Lots to consider when choosing when to start taking CPP payment

Derek, when should I start taking my CPP payment? This is probably one of the most common questions I get, and yet one of the most challenging to answer accurately.

Derek, when should I start taking my CPP payment?

This is probably one of the most common questions I get, and yet one of the most challenging to answer accurately.

For younger readers, the Canada Pension Plan (CPP) may simply seem like a draw off their paycheques, but it’s a critical planning piece for our readers who are nearing retirement. There are factors to be considered and once the decision has been made it is typically permanent, so it is important to plan ahead.

CPP is one of the major components of Canada’s retirement income system. The plan was established in 1965 with the intent of ensuring that every Canadian receives an income in retirement.

Anyone over the age of 18 must contribute a specified portion of their income to this plan. In 2015, the rate is 4.95 per cent, up to a maximum of $2,479.95. If you make less than $3,500 in 2015, you are exempt from making contributions.

The payments you receive from CPP can begin between the ages of 60 and 70. The amount you’ll receive is dependent on how many years you contributed, how much you’ve contributed, and how old you are when you begin receiving payments. The maximum possible monthly payment in 2015 is $1,065 while the average monthly payment in 2014 was $610.57.

The CPP payment will increase if you wait to take it past age 65, or decrease if you decide to take it sooner. Herein lies the dilemma.

You can begin taking payments as early as age 60, but in 2015 this includes a reduction of 0.56 per cent per month before your 65th birthday. If you wait until age 70, you will get an increase of 0.7 per cent for every month after your 65th birthday.

Put another way, if you take your payment at age 60 you will receive nearly 35 per cent less than if you waited until age 65, and you would get 42 per cent more if you wait until age 70. The numbers add up in a hurry, so it’s important to consider a number of factors.

Two factors you need to consider are your other sources of income and the longevity of your family.

If you’re going to need all you can get in retirement there is value in taking the CPP early. Obviously if there are more bills than money, the added boost from the CPP is valuable. However, if you have a pension from your company, notable assets in savings and other sources of income, you may not need to rush the CPP.

Furthermore, since CPP payments are taxable there isn’t much point in taking more income at a high tax bracket. Your situation here is unique and a plan must be considered.

The hardest factor to determine is longevity. The longer you expect to live the more you’ll be able to benefit from waiting on taking the CPP payment.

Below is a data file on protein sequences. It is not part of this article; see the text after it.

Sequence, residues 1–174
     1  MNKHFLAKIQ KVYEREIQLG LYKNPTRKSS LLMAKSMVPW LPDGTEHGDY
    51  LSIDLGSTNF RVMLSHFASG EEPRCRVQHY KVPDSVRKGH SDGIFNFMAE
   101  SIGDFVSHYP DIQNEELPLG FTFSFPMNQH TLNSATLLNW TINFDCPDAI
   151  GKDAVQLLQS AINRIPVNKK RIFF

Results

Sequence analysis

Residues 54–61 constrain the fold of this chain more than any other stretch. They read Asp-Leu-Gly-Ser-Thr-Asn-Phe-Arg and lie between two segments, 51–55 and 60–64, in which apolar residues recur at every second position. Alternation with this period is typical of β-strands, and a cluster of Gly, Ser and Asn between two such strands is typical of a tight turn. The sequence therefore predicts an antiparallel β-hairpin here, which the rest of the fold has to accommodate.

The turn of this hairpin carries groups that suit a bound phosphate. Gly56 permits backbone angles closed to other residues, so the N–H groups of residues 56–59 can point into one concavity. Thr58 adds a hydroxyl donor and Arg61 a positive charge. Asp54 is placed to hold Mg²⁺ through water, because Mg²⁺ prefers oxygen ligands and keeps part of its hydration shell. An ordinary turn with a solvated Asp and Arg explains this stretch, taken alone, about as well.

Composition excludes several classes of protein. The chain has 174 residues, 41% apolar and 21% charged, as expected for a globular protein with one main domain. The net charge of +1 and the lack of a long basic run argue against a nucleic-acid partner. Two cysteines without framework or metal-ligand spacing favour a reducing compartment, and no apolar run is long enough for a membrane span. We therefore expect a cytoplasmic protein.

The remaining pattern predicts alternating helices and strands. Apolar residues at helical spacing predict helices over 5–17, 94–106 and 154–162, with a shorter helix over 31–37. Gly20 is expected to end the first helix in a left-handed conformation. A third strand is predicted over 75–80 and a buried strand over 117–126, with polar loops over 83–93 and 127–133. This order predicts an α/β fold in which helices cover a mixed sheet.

In a perfect world we’d all know exactly when we’ll pass away and plan accordingly. Since that’s impossible, the best suggestion is to consider your parents and grandparents. If they all lived well into their 90s, you may want to wait on taking the CPP in order to maximize your total payments. But health can change quickly, and no one really knows the answer here.

In terms of age, depending on when you start taking payments your break-even point will be somewhere in your mid 70s or early 80s. More specifically, if you think you’ll live into your 80s, you may consider delaying your payments.

Keep in mind that if you pass away, your estate will receive a maximum one-time payment of $2,500, plus possibly reduced survivor payments to your spouse. This is another discussion in itself, but is another factor to consider.

For many, this discussion becomes the “bird in the hand, is worth two in the bush” analogy, whereby some prefer to take the payments as soon as possible because they want to avoid the unknown factors of waiting. While this is certainly a consideration, any strategy certainly requires discussion.

Finally, some investors choose to take the payments and invest the proceeds, or use the funds to pay down debt before their retirement really begins. This is also a valid concept, so long as there is a strategy that goes with it.

As with any decision involving money and tax, it’s best to review your strategy with a professional. Retirement is a time to enjoy the fruits of your labour, rather than worry about the dollar and cents that the government deposits to your account. As such, be sure to plan ahead.

Wealth Watch is written by Derek Fuchs, a wealth advisor with ScotiaMcLeod in Red Deer. It is provided for informational purposes only. Readers are urged to consult a wealth advisor for help with their personal investment circumstances. Fuchs can be contacted at derek.fuchs@scotiamcleod.com.